Another book that might interest you is J. Griffin’s On Human Rights, which also is a great overview of the foundations of human rights theory. Both are available for limited preview in google books.

  5. The problem with a nonpragmatic basis for human rights is that if you reject the philosophy — Deism, for example — you lose access to the human rights. The only truly universal justification is a pragmatic one, by definition.

  6. Pingback: Thinking of Human Rights in a different way « The Yale Journal of Human Rights

  7. The search for a “deeper basis” of a normative discursive construct is the greatest folly of Philosophy. This isn’t just French post-structuralist mumbo-jumbo. Even the American neo-Kantians can only be pragmatists.
    We need to put to rest the quest for a “deeper basis” and focus on the kind of work that you do–recognize what you think is important (human rights as a discursive construct), move on, and start getting your hands dirty with empirical work.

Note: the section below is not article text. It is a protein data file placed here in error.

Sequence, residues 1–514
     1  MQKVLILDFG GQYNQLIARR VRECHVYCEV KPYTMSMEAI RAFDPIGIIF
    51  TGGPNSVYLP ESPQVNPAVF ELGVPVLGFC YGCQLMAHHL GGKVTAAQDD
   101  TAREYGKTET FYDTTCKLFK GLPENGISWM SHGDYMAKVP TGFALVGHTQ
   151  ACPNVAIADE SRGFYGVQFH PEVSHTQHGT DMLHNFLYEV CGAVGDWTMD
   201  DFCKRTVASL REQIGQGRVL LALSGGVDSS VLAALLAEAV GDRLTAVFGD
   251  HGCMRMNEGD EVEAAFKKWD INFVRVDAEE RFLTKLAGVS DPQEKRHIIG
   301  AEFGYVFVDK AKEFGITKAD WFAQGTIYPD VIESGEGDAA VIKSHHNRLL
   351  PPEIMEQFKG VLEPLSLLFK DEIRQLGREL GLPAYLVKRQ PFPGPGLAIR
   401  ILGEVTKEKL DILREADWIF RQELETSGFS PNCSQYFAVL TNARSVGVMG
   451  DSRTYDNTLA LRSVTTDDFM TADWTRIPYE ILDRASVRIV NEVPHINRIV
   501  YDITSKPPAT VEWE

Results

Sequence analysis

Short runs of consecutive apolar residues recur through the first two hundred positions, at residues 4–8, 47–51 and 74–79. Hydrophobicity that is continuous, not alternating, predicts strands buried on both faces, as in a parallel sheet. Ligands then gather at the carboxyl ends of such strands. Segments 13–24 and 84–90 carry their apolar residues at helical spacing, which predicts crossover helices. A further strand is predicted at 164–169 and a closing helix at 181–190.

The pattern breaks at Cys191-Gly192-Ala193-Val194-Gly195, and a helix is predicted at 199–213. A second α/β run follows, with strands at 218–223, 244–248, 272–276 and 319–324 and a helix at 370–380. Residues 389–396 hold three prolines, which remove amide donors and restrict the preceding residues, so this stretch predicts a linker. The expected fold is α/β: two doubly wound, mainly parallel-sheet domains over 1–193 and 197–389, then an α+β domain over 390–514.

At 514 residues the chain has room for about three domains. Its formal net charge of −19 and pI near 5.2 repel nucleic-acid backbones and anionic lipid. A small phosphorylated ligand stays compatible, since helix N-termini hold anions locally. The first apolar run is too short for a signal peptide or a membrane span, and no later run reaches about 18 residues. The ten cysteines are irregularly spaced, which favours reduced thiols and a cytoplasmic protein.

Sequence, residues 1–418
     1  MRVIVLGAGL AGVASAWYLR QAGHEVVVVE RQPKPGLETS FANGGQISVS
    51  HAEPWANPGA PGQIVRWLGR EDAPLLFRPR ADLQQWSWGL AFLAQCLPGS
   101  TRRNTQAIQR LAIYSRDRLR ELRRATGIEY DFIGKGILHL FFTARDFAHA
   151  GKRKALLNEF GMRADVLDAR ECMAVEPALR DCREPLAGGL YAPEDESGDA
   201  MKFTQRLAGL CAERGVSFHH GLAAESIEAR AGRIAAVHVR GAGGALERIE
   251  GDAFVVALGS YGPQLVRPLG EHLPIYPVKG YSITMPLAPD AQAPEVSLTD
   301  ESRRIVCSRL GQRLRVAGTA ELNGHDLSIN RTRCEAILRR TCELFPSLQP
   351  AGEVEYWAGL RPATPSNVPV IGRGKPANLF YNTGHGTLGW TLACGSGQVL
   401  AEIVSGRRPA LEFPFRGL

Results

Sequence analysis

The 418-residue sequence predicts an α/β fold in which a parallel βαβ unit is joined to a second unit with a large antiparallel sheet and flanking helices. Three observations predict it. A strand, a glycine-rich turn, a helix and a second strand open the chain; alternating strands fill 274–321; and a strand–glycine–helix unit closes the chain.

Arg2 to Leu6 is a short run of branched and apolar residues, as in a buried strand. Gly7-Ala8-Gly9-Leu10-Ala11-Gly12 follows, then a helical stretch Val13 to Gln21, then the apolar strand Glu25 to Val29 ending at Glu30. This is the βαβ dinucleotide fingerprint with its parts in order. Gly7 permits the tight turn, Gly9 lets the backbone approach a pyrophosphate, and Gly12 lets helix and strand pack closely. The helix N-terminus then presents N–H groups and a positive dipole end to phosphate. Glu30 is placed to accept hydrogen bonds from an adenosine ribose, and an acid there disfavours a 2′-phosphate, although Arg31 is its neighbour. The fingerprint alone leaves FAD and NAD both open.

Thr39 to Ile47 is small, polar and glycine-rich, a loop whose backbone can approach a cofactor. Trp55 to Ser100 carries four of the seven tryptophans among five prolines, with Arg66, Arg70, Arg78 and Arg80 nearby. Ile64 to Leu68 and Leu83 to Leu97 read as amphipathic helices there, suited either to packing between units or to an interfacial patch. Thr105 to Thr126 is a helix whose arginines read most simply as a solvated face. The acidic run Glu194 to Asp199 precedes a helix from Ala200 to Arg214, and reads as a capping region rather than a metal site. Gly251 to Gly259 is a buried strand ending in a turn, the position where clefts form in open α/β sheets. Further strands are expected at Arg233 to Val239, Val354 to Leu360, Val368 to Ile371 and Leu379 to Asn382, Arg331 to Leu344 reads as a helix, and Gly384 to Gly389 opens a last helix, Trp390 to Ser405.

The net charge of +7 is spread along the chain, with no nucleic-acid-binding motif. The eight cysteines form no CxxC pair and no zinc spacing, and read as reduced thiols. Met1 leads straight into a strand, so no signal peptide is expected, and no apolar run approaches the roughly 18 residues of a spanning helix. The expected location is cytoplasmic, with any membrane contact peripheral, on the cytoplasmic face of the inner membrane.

8. We need to stop focusing on what is good and what is bad, ratherfocus on what works. Learn from democratic movements in history that led to peacefull revolutions, for instance in Europe. But also more recently in for instance the philippines.

  9. As a religious studies student I very much stand behind the Ignatieff’s stance that spiritualizing human rights, or using religion to inform how to treat one another, is a slippery slope. If not evidenced enough by the havoc missionaries have traditionally brought to indigenous societies, then through the politicization of the world’s religious majorities (Chirstianity, Judaism, and Islam) it is clear that regardless of religious texts, human interpretations sparks violent conflicts.